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Comment: Re:I respect the FAA (Score 1) 55

by k6mfw (#49184769) Attached to: US Air Traffic Control System Is Riddled With Vulnerabilities

The FAA is the government's weapon of mass destruction that causes ongoing devastation to all of aviation, and excellent proof that we do not live in a free country.

I'd also put blame on TSA that makes boarding airlines miserable and they want to expand "security" into GA. Then you have local governments and officials trying to close down GA airports. Lots of examples of elected officials that tried to close Reid Hillview and Santa Monica along with huge following of general public ("why did they put that airport next to a shopping center?"). And there is big business itself expanding into open areas around airports squeezing out the private pilot. And consolidation of airlines of one company buying out others then nickel and diming over baggage, meals, etc. Note that GA and airline travel are two different classes of aviation. In some cases airline travel is expanding but overall GA is going down (I do wonder where future airline pilots will come from, as many got their start hanging out at GA airports which nowadays authorities will look at such lurkers as terrorists).

Comment: Re:You don't see the problem (Score 1) 55

by k6mfw (#49184707) Attached to: US Air Traffic Control System Is Riddled With Vulnerabilities

That "one" facility controls traffic through one of the largest hub cities in the country. For some of the major airlines, if you can't connect through chicago, you can't get to about 75% of the rest of the country. So, yea, there's an argument about dolt.

Put fault on the airline, not FAA.

Comment: relavent auto-ad that showed (Score 1) 367

by k6mfw (#49130383) Attached to: The Groups Behind Making Distributed Solar Power Harder To Adopt

I clicked the link to read the comments, an automatic advertisement:
Solar Panel Installation
Save Hundreds in Electric Bills Solar Panels Installed by Experts!

I did a screen capture for my collection articles with interesting accompanying auto-ads. One of these include article about Russian missile buildup included ad, "Meet Russian Beauties" (hey, I thought I disabled ads)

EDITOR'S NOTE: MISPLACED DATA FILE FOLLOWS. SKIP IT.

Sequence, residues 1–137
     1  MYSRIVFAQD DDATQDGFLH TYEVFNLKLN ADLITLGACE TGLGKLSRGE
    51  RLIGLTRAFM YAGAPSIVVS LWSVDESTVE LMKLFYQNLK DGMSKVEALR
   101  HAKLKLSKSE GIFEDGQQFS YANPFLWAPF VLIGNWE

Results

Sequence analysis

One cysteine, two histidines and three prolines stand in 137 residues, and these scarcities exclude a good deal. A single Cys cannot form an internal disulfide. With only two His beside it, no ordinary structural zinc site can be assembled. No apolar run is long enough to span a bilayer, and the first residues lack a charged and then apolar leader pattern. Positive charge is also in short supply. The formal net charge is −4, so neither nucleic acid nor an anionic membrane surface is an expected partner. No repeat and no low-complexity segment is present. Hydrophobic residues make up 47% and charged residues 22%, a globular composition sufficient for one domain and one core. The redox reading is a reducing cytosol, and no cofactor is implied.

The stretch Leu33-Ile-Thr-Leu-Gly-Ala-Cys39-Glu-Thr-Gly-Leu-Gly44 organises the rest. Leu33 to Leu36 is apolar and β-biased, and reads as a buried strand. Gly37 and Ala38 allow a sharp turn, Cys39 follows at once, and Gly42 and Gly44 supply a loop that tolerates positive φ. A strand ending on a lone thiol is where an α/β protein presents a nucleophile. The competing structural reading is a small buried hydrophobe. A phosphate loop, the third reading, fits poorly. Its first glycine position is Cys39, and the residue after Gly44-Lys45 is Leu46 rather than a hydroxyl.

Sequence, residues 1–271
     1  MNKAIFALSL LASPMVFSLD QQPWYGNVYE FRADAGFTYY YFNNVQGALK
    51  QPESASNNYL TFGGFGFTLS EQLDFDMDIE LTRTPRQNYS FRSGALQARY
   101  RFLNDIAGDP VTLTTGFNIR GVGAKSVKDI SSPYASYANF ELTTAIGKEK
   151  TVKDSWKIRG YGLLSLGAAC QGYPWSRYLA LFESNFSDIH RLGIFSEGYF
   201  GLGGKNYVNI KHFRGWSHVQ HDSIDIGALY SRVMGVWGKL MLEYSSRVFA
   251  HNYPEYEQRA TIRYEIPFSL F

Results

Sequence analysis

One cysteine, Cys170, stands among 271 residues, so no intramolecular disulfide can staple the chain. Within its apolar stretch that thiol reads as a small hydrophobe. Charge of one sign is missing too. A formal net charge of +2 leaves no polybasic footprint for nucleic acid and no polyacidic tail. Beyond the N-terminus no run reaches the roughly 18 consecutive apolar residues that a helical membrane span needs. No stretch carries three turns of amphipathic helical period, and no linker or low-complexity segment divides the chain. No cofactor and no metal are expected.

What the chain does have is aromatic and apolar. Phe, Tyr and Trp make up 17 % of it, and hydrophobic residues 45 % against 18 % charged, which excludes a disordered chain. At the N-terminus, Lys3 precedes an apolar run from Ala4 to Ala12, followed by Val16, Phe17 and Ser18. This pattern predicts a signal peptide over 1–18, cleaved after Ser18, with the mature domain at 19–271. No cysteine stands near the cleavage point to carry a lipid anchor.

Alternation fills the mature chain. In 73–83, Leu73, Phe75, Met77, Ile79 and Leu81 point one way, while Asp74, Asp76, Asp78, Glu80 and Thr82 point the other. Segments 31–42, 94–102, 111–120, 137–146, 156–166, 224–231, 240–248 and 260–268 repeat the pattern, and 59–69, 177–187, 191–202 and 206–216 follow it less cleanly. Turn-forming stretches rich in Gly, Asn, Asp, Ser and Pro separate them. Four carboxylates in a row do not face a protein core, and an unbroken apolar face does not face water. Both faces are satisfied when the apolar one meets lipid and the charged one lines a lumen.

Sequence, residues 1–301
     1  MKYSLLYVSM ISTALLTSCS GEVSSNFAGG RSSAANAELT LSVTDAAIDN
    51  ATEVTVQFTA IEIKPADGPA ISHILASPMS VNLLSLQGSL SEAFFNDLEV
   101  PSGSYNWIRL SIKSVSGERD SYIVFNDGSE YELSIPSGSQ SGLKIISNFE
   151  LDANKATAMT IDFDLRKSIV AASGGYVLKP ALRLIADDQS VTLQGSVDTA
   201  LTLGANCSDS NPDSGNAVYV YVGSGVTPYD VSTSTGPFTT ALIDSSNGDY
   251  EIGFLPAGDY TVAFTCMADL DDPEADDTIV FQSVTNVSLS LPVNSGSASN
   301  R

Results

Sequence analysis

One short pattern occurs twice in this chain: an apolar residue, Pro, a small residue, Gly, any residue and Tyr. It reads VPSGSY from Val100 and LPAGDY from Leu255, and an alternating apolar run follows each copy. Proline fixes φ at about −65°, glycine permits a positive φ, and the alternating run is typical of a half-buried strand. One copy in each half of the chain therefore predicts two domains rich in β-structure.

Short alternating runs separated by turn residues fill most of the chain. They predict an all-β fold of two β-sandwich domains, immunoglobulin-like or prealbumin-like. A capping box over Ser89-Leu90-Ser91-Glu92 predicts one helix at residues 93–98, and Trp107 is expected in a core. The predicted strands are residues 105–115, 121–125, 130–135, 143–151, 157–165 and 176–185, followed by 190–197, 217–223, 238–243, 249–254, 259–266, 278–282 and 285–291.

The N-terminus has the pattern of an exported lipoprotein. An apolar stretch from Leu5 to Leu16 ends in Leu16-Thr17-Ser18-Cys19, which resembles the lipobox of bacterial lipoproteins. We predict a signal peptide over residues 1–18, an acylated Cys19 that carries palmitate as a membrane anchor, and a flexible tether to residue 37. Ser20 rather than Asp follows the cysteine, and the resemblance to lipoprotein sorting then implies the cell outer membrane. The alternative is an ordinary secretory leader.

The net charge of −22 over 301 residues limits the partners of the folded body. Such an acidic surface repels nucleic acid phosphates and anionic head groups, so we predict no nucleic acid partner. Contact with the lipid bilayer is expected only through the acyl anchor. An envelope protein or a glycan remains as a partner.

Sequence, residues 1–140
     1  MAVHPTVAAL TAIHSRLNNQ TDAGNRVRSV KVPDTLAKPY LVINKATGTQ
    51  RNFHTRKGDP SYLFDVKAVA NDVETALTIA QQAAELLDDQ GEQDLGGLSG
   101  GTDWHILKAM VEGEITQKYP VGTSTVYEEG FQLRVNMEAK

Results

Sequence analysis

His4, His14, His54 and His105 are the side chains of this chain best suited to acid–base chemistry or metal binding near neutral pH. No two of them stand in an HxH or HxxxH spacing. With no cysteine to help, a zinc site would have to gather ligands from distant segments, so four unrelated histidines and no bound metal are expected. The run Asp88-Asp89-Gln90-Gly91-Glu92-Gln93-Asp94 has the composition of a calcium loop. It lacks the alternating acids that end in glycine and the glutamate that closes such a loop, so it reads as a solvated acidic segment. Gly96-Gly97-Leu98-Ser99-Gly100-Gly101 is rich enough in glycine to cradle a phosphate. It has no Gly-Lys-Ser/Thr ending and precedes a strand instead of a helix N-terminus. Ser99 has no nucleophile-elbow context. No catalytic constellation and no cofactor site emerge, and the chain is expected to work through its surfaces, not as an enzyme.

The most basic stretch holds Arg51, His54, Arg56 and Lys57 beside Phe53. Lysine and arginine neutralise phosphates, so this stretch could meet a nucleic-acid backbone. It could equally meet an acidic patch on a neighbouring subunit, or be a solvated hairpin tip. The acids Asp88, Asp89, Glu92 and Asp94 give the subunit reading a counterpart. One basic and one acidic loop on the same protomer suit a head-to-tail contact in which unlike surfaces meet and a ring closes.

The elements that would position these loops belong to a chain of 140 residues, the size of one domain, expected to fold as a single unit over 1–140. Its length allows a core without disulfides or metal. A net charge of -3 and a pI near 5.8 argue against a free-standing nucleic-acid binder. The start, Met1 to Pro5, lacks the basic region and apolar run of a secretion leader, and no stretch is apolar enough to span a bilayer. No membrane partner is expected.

Comment: Re:Drilling race between soviets and Americans (Score 1) 122

by k6mfw (#49094959) Attached to: The Science of a Bottomless Pit

"We must not allow a mine shaft gap!"

Obviously you had to bring this up from the Stanley Kubrick movie, but perhaps that line from the movie Kubrick was on to something. He did a lot of research prior to making Dr. Strangelove (probably had others do the same). There was a proposed "dooms day machine" like described in the movie but Khrushchev didn't approve it (that weapon system was too insane). I talked to a B52 navigator who flew missions in 1960s, he said Kubrick must have got info from SAC as procedures were much like the early A models (setting the bombs for a drop was numerous tedious steps).

Comment: If a hobby gets out of control (Score 1) 168

by k6mfw (#49039591) Attached to: Aims To Keep the Airspace Above Your Home Drone-Free
it will be legislated out of existence. I saw this article, kind of reminded me skydivers and hang gliders used their organizations USPA and USHPA to maintain some control. Otherwise FAA will step in and make it very difficult to enjoy these hobbies. Well I'm stretching this analogy and organizing RC hobbyists is like herding cats.